There is a growing list of agents in the preclinical treatment pipeline [20,48].
SUMMARY AND RECOMMENDATIONS
●Cardinal features – Multiple system atrophy (MSA) is a rare neurodegenerative movement disorder characterized by parkinsonism, autonomic failure, cerebellar ataxia, and pyramidal signs in varying combinations. (See "Multiple system atrophy: Clinical features and diagnosis", section on 'Clinical characteristics'.)
●Prognosis – There is no effective disease-modifying or neuroprotective treatment for MSA. Management focuses on symptom control and quality of life.
Disease progression in MSA is often faster than in idiopathic Parkinson disease, as illustrated by median times from MSA symptom onset to autonomic dysfunction (2.5 years), wheelchair confinement (3.5 to 5 years), and bedridden state (5 to 8 years). The median time from MSA onset to death is 6 to 10 years. (See 'Prognosis' above.)
•Physical therapy is important for fall prevention, reduction in contractures, and maintenance of mobility. (See 'Motor symptoms' above.)
•Occupational therapy may promote longer independence in performing activities of daily living.
•Speech therapy referral early in the course of disease allows objective determination of the progression of dysphagia.
•Depression is a common problem in MSA. It should be identified early and treated appropriately. (See 'Depression' above and "Unipolar major depression in adults: Choosing initial treatment" and "Diagnosis and management of late-life unipolar depression".)
•Parkinsonism – Although a poor or unsustained response to levodopa therapy is generally observed in patients with MSA, some patients with clinically probable MSA do better with levodopa treatment than without it. The total daily dose of levodopa should be increased to 900 or 1000 mg daily before a trial of levodopa can be declared a failure. (See 'Levodopa and dopaminergic therapy' above.)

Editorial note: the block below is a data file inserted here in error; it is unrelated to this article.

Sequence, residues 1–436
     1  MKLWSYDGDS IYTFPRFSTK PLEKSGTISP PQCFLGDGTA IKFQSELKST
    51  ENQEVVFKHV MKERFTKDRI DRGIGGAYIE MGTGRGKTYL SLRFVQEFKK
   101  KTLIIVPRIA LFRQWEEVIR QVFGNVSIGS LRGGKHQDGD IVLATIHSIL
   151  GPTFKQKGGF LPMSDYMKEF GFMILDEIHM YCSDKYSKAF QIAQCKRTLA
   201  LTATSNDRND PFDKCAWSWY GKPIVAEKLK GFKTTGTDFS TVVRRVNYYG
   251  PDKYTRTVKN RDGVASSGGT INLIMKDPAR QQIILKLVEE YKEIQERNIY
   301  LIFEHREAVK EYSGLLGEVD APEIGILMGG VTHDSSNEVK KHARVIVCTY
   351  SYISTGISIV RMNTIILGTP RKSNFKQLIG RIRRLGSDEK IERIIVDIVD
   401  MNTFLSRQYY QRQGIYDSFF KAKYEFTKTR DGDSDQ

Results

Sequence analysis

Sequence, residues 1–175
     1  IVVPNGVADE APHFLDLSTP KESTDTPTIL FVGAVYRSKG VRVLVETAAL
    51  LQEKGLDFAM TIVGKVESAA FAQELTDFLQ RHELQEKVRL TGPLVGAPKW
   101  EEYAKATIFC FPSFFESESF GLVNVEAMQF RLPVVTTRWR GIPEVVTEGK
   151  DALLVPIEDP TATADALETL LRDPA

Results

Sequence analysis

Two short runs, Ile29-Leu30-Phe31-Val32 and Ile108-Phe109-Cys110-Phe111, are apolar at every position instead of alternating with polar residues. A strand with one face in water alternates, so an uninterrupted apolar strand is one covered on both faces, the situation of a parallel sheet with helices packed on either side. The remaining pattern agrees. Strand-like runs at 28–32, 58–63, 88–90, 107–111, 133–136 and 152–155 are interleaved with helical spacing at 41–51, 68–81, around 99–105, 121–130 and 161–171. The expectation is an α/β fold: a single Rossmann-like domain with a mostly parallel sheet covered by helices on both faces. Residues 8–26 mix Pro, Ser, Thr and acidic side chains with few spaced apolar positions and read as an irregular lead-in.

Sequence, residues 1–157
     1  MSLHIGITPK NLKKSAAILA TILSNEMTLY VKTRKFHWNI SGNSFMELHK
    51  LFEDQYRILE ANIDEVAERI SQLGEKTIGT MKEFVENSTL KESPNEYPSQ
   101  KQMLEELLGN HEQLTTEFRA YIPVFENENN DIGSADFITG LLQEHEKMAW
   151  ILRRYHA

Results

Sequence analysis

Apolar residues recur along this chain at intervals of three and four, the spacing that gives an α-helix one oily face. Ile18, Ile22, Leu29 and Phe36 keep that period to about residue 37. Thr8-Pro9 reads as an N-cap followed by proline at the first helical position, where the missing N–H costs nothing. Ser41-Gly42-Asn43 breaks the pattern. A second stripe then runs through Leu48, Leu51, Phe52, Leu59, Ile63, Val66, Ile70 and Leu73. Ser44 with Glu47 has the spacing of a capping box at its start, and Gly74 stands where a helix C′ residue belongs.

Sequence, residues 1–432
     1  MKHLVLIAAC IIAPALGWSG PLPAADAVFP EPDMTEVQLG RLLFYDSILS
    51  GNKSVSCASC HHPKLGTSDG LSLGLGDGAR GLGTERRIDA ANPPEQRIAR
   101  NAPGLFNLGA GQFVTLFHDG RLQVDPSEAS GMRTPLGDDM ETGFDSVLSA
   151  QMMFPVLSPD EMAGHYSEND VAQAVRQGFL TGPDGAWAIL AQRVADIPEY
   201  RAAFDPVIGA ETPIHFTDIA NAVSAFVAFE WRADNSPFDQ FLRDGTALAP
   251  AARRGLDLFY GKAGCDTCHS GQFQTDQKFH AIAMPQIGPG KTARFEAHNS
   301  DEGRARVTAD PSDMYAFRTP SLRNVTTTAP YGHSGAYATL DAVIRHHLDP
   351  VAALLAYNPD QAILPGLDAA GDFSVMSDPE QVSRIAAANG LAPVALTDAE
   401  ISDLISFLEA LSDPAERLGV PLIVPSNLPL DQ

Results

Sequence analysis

Dopamine agonists (pergolide, bromocriptine, pramipexole, and ropinirole) rarely lead to motor benefit and frequently exacerbate orthostatic hypotension, gastrointestinal symptoms, and sleep disorders that are prevalent in MSA.
•Dystonia – Focal dystonia may be alleviated by botulinum toxin injection. (See 'Motor symptoms' above.)
•Orthostatic hypotension – Fludrocortisone acetate is the medication of first choice for chronic orthostatic hypotension due to autonomic dysfunction (table 1). The optimal therapy of symptomatic postprandial hypotension has not been defined. (See 'Orthostatic hypotension' above and 'Postprandial hypotension' above and "Treatment of orthostatic and postprandial hypotension".)
•Laryngeal stridor – Patients with nocturnal stridor may benefit from nocturnal positive pressure ventilation; severe cases may necessitate tracheostomy. (See 'Stridor' above.)
•Sleep disturbances – Rapid eye movement (REM) sleep behavior disorder is common in patients with MSA and can lead to injury to the patient and bed partner. Treatment is reviewed in the algorithm and discussed separately (algorithm 1 and table 2). (See "Rapid eye movement sleep behavior disorder", section on 'Management'.)